State Politics

The shaping of a state budget, and a new leader

By MARC CAPUTO

Herald Tallahassee Bureau

TALLAHASSEE -- As lawmakers struggle with questions of tax increases, the state’s mammoth budget and whether the legislative session will end on time, one person has emerged as a political power in the Capitol: Dean Cannon.

The Winter Park Republican amd future House Speaker has become the point person in secret negotiations with the state Senate’s budget chief. The two chambers are trying to figure out how much money to allot to critical areas including schools, health care, prisons, roads, the environment and courts.

Since Cannon took on the role as budget negotiator two weeks ago, the House has become more insistent on raising more revenues this year and saving more money for the 2010-11 budget year -- when Cannon takes the reins of power from House Speaker Larry Cretul.

Cannon said he and Cretul are “taking the long view’’ because it’s the right thing to do.

“It’s not about me or any individual member of the House or Senate,” Cannon said. ‘‘It’s about what’s the right way to do a budget. If I were termed out this year, I would say the same thing because it’s true.”

Cannon points out the state needs to save more money to preserve its high bond rating.

Other lawmakers, such as the House Democrats’ budget leader, Rep. Ron Saunders, said there’s a clear link between Cannon, his speakership and the budget.

“The dynamic has changed,” said Saunders, of Key West. “Dean is worried about year three -- that’s when he’s House Speaker,” Saunders said, though noting that Cretul also has emphasized trying to establish more savings in the next few years.

Also, Saunders said, the tax increases the House might accept will happen in one fell swoop this year -- long before Cannon takes the reins as speaker.

Cannon shuttled between closed-door meetings with Cretul, other House leaders and Senate budget chief J.D. Alexander on Wednesday. Unlike many in the freshman-heavy House, Cannon is a veteran with experience negotiating deals in previous sessions on high-priority issues such as property-tax cuts.

One reason Cretul tapped Cannon: Senate President Jeff Atwater requested him, Cannon said. Cretul also noted that the budget decisions made today will have a direct effect on Cannon’s two-year term as speaker.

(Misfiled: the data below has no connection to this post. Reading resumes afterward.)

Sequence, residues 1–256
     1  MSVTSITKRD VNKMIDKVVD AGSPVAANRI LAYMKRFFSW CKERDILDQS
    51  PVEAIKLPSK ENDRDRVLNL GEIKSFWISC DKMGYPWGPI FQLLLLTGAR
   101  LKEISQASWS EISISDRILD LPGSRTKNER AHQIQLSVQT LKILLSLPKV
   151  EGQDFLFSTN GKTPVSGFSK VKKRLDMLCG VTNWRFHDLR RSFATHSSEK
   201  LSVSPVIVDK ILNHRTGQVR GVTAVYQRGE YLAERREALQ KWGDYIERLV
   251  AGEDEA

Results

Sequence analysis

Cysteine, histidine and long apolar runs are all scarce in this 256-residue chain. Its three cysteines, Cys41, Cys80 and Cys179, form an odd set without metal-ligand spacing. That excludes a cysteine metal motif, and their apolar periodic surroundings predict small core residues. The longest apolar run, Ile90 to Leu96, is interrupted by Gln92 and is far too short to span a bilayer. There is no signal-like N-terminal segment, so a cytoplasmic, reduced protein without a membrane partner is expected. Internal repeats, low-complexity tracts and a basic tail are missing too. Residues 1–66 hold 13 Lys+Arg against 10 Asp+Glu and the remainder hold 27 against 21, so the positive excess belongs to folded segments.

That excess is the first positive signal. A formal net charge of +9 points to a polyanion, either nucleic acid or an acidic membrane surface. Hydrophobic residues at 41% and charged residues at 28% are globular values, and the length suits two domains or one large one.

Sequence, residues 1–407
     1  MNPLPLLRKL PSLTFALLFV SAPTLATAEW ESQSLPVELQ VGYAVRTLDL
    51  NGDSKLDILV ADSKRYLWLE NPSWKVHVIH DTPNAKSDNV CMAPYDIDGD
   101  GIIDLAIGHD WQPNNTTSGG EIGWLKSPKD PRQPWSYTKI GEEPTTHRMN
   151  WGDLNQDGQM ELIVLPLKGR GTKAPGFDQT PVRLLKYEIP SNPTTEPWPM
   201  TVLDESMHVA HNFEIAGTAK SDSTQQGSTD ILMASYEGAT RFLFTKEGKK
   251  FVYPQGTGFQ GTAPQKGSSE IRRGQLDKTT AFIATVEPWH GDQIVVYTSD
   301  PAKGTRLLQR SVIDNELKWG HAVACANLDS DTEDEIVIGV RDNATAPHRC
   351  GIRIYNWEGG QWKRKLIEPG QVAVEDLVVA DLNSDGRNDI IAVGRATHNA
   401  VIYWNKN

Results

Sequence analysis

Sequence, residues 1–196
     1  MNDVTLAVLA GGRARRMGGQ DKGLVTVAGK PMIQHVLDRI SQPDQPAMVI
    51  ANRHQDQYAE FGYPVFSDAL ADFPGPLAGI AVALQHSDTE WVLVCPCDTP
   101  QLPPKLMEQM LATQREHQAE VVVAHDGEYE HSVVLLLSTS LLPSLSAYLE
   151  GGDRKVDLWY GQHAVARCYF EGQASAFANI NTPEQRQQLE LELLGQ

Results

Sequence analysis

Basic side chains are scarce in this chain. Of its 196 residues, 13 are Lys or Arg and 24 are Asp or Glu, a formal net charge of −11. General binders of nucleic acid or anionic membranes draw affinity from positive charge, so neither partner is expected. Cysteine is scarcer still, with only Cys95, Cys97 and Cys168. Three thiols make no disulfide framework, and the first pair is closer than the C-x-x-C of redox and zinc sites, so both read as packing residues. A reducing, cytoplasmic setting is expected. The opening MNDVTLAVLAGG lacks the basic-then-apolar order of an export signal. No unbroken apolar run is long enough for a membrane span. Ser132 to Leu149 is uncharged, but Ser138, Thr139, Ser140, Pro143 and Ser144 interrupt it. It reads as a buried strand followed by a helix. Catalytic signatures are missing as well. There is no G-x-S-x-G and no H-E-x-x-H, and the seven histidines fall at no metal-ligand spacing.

Also, Cretul inherited a House that had two budget chiefs, Marcelo Llorente and David Rivera, instead of one. The Miami Republicans are running against each other for Senate.

Tapping one budget chief to lead House talks could trigger charges of favoritism in the House.

Previous House Speaker Ray Sansom quit his post before he was indicted by a grand jury for allegedly abusing the budget system to help a friend and political contributor.

The grand jury also rapped the Legislature for the secretiveness of the budget process -- a criticism that seems to have made little impact as lawmakers in both chambers privately pass out spreadsheets detailing the latest budget negotiations.

The budget talks -- and Cannon’s involvement -- are so secret that high-level legislative Republican leaders would only detail them anonymously. Even Alexander, normally ever-quotable, offered only two words when asked about Cannon’s involvement: “No comment.”

One reason for the reticence: budget talks are tense. The House and Senate budgets are $547 million apart, money is scarce and the Senate is insistent on a cigarette tax and Indian gaming money to help finance the state’s needs.

The House is willing to back off its objections to a cigarette tax and money from Indian gaming -- but it wants the Senate to accept a House plan that cuts a transportation fund, higher education and state-worker pay.

Failure to reach agreement this week will likely result in a legislative session that finishes May 1 without a balanced budget, which would mean a special session or overtime.

Alexander said he would rather assemble a budget that a broad majority of senators in both parties can defend back home than rely on a Republican budget acceptable only to the GOP majority.

“Frankly, I’m surprised it has taken this long,” Alexander said of the budget process, addding that “there is no agreement’’ on budget details with the House.

Asked about negotiating with Cannon, Alexander smiled: “I talk to lots of people.”

Marc Caputo can be reached at mcaputo@MiamiHerald.com

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